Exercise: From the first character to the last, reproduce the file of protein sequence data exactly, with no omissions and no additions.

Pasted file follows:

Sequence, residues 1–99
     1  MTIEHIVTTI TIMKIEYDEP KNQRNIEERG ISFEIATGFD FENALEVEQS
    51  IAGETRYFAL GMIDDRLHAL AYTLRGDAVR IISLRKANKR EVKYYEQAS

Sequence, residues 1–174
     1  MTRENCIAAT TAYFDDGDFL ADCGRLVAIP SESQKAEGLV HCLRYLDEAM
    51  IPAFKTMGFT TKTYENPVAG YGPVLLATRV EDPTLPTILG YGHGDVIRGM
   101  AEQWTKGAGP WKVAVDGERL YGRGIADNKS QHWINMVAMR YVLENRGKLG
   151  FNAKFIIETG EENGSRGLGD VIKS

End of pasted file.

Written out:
Sequence, residues 1–99
     1  MTIEHIVTTI TIMKIEYDEP KNQRNIEERG ISFEIATGFD FENALEVEQS
    51  IAGETRYFAL GMIDDRLHAL AYTLRGDAVR IISLRKANKR EVKYYEQAS

Sequence, residues 1–174
     1  MTRENCIAAT TAYFDDGDFL ADCGRLVAIP SESQKAEGLV HCLRYLDEAM
    51  IPAFKTMGFT TKTYENPVAG YGPVLLATRV EDPTLPTILG YGHGDVIRGM
   101  AEQWTKGAGP WKVAVDGERL YGRGIADNKS QHWINMVAMR YVLENRGKLG
   151  FNAKFIIETG EENGSRGLGD VIKS